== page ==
With commentary by Stephanie Lee, MD, PhD, director, Thyroid Health Center, Boston Medical Center, and associate professor of medicine, Boston University School of Medicine.
Eating large amounts of soy foods may not be good for some women's thyroid functioning, according to new research from Loma Linda University in California.
However, another thyroid expert not involved in the study says the caution about not overdoing soy protein probably applies only to a minority of women and it should not cause concern for most.
In the new study, researchers tracked the diets of more than 800 men and women and then looked at their TSH (thyroid stimulating hormone) levels. Abnormally high TSH levels reflect a failing thyroid.
"The chances of having a high TSH were quadrupled in those who ate, on average, just under two servings a day [of soy foods] compared to those who didn't eat any," says study leader Serena Tonstad, MD, PhD, professor of public health at Loma Linda and a preventive cardiology physician in Norway.
She found no link between the soy intake of men and their thyroid health. And she stresses that she found only a link in women, but cannot prove cause and effect. "Our study is observational," she says. And women do have a higher risk of developing thyroid problems than men, especially as they age.
It may be that those with normal thyroid functioning will do OK eating soy foods, Dr. Tonstad says, "but in those who are borderline, it may take them above the threshold to give them hypothyroidism." The thyroid gland is crucial to regulate metabolism and other bodily functions.
The study is published in the June 2016 issue of Public Health Nutrition. The Soy Nutrition Institute partially funded the work but had no role in the report. One coauthor, Mark Messina, is executive director of the Institute.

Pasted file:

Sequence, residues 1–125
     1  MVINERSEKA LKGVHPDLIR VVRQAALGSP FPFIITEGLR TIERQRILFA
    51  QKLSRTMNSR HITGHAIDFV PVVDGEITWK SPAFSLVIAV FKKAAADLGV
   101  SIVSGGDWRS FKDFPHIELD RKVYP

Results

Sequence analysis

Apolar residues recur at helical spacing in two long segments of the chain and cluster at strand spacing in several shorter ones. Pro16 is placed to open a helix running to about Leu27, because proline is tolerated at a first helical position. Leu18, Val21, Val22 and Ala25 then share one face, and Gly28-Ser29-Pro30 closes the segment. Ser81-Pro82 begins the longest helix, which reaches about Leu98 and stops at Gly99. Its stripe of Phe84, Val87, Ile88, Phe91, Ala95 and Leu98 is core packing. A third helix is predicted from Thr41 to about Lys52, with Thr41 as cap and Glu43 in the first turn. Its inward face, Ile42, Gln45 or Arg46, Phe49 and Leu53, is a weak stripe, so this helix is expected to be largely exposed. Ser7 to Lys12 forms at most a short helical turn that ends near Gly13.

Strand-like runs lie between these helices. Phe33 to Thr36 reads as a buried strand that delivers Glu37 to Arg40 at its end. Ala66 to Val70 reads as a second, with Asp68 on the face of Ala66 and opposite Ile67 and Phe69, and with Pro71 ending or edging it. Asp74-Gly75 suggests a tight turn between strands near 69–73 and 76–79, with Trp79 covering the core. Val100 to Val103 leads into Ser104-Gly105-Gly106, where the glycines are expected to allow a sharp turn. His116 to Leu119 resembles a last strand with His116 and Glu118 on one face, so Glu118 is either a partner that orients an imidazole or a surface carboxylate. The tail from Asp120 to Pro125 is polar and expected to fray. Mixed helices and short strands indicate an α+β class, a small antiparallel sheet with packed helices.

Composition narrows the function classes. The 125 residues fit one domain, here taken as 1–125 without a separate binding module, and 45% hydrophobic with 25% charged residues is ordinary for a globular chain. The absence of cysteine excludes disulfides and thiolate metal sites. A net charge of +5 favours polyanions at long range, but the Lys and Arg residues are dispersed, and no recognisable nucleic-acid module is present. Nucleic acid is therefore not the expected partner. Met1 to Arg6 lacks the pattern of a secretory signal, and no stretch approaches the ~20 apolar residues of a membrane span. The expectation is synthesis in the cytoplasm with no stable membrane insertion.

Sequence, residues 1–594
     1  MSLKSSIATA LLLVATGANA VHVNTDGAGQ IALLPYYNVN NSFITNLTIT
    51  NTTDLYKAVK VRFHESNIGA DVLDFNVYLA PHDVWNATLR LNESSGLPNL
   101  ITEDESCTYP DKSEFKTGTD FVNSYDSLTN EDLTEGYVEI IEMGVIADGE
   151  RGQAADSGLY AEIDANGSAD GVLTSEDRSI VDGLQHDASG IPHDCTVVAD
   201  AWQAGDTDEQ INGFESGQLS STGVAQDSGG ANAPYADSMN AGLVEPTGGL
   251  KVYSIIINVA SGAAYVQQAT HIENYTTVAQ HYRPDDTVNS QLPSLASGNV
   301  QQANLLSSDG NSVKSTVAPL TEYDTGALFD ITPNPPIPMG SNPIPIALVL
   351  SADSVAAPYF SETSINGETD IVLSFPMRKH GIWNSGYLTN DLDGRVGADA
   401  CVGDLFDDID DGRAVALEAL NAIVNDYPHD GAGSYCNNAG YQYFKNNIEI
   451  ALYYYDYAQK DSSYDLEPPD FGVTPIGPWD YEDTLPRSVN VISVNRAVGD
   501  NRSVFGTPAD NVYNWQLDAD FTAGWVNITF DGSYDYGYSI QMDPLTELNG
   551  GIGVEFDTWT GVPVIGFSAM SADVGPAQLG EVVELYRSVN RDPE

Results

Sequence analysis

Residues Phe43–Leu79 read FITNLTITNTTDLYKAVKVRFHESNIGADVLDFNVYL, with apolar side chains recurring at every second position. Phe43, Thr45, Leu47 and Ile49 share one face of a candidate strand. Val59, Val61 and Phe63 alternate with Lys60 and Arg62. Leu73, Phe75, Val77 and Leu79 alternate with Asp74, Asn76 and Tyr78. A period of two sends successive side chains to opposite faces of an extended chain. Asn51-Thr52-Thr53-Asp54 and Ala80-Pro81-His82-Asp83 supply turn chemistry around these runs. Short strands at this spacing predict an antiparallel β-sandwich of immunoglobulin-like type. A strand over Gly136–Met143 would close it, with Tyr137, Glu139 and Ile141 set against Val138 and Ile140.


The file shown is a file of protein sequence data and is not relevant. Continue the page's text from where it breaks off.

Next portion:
The debate about soy and thyroid health has been ongoing. In the new study, researchers asked the 800 men and women, age 30 and above, and not on thyroid medicines, to keep track of their soy intake over a six-month period. The participants finished six 24-hour dietary recalls within the study period and also gave blood samples. The researchers evaluated soy intake from both foods and supplements.
Levels of thyroid-stimulating hormone (TSH) were measured. Higher levels reflect a failing thyroid, experts know.
The men and women in the study ate a variety of diets, but those with high TSH levels tended to be older, Dr. Tonstad found. Women with higher TSH levels were more likely to be vegans (no meat, poultry, fish, eggs, milk or dairy) or lacto-ovo vegetarians (dairy products and/or eggs but no fish or meat).
The women in the group eating the most soy averaged about 11 grams a day, or about two servings, compared to an average of no soy in the lowest group. The average U.S. consumption of soy is about 2 grams a day, Dr. Tonstad says. Two servings of tofu, each about three ounces, would provide 12 or more grams of soy protein.
Of the 43 women with high TSH levels, she found, 13 had reported a diagnosis of hypothyroidism within three years of starting the study, but weren't on thyroid pills now.
Overall, the men and women's average TSH levels was 2.6 mIU/l (under 5 is ''normal"). Those with high TSH levels averaged nearly 8.
Some experts have speculated that soy's isoflavones, which act like weak estrogens, may hamper the body's synthesis of thyroid hormones.
The study findings are at odds with much other research, says Stephanie Lee, MD, PhD, director of the Thyroid Health Center at Boston Medical Center and associate professor of medicine, Boston University School of Medicine. She reviewed the findings but did not participate in the study.
"Most other studies have not shown an association of soy protein intake and abnormal thyroid tests," she says. The study also has limitations, Dr. Lee says. For instance, there is no information on which women may have been taking soy for hot flashes during menopause. "The older you are, the higher your TSH tends to be, and the more likely you have hot flashes," she says. So those eating the most soy may have had high TSH levels to begin with, she says.
Her bottom line? Most who are eating a normal healthy diet with soy and soy protein should not worry about their thyroid function. The only group who might take note of the finding, she says, are those with borderline low thyroid function as demonstrated by a TSH between 4 and 5, especially if they have a vegan diet low in iodine. The thyroid gland uses iodine from food to make thyroid hormones.
Dr. Tonstad agrees that soy is a high quality protein, found in some research to help lower cholesterol and blood pressure. However, she says, women who have thyroid disease in the family and eat a lot of soy should get a TSH test, she says, to see where they stand.
As for men, she says, ''it doesn't seem like they need to do anything."